By Lori Johnston
Photography by Matt Holler
“Aha” moments pave the way for success, but exactly what turns on that light bulb? We asked seven individuals in the creative, technology, retail, arts and other sectors about insights that changed or improved the way they did business.
Leisa Weintraub is vice president of marketing and creative director for Neal Communities, which has built more than 10,000 homes in Southwest Florida since 1970.
“When we were working on Central Park at Lakewood Ranch, I was looking for ideas to promote the community and to tie in with our company’s philosophy for charitable giving. I had a meeting one day in 2010 with a media partner. She said, ‘We do a lot of online contests.’ I said, ‘Contest!’ We contacted eight charities. Each one created a park bench, which was permanently installed in Central Park. Then we invited people to vote on their favorite bench. We donated $1,000 to the charity that won the most votes. We had 56,000 votes.” [The Manatee Chamber of Commerce won.]
"I expanded on my pawn shop business by opening a beautiful jewelry store, Carats. I realized I had to be different than other jewelers. My ‘aha’ moment was partnering with designers who don’t have a local presence. Since I got Hearts on Fire [a Boston-based, luxury-branded diamond company offering premium bridal and fashion jewelry] in October 2014, I have sold a number of pieces ranging from $2,500 to $22,500. It really comes down to uniqueness and quality.”
“One of my biggest ‘aha’ moments is the first time I saw a company pitched to an investor in Tampa in 2007. [The presenters] threw up on investors for about an hour and a half. I realized that these investors weren’t the right prospects for them. For some reason, entrepreneurs think that anybody who has money is a prospect. I began to think about how I could help entrepreneurs find their prospects whether they’re looking for customers or an investment. That need would become part of what Spark Growth does.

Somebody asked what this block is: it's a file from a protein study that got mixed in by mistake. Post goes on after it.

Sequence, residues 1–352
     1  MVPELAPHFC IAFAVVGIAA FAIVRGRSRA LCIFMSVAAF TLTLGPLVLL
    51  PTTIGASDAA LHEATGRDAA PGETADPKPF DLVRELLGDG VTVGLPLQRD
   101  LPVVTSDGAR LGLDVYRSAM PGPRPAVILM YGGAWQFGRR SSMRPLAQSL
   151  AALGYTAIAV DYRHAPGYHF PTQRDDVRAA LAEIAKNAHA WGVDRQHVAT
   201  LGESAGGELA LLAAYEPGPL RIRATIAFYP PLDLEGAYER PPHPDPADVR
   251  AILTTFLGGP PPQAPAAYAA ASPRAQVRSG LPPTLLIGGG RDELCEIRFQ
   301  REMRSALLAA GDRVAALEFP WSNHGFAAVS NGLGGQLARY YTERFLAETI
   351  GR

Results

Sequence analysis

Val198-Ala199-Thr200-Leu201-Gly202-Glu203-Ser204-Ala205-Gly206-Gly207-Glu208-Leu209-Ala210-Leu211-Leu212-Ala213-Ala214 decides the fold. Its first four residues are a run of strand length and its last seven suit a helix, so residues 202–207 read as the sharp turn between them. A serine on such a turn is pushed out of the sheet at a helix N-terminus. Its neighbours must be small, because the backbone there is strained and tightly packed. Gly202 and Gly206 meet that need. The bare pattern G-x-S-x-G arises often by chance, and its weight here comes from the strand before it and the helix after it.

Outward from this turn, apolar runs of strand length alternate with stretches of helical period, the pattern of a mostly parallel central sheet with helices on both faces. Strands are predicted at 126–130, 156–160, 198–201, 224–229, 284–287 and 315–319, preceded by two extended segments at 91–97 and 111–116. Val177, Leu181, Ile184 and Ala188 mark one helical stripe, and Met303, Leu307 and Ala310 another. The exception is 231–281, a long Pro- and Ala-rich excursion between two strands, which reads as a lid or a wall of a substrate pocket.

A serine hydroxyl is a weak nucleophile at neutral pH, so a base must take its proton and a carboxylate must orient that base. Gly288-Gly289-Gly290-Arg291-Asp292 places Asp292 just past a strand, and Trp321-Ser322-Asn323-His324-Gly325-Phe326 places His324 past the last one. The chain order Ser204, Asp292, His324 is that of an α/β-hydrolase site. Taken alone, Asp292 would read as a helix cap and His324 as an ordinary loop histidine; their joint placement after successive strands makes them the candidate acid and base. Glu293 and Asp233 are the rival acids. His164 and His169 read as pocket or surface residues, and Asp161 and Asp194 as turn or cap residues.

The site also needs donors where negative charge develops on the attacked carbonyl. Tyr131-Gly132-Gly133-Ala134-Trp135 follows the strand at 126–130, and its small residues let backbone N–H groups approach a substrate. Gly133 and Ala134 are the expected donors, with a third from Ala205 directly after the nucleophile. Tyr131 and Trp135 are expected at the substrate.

“Then, in 2009, I went to my first Florida Venture Forum conference [a statewide organization that helps entrepreneurs obtain funding through education, strategic partnering and effective networking]. Soon after, I joined a group of local people for lunch, who began a conversation about an incubator for entrepreneurs. That became the Bradenton Innovation Center.”
Peter Simonson is the president of Juvent, which makes motion therapy devices that look like a large bathroom scale, to improve musculoskeletal health, promote balance and lessen pain. Simonson also invented Medtronic’s patented unique spinal implant system, TSRH-3D, which, with $1 billion-plus in sales, is used in more than 30 countries.
“With Juvent, our [Peter and his brother, Juvent’s CEO Rush Simonson] ‘aha’ moment was with our mother. This technology was originally developed by Jack Ryaby [a medical device pioneer and expert in bone healing, now deceased], and it was validated for the treatment of osteoporosis. When we were evaluating the technology [to determine if we should purchase the company], my mother had a debilitating reoccurrence of a two-year-old pelvic fracture that had never fully healed. The pain was unbearable. My mom went from a vibrant 78-year-old woman to a bedridden cripple who was only up for two hours a day. We put her on the Juvent in her home in Florida. Within about two weeks she was up with no cane and no pain. We couldn’t believe it.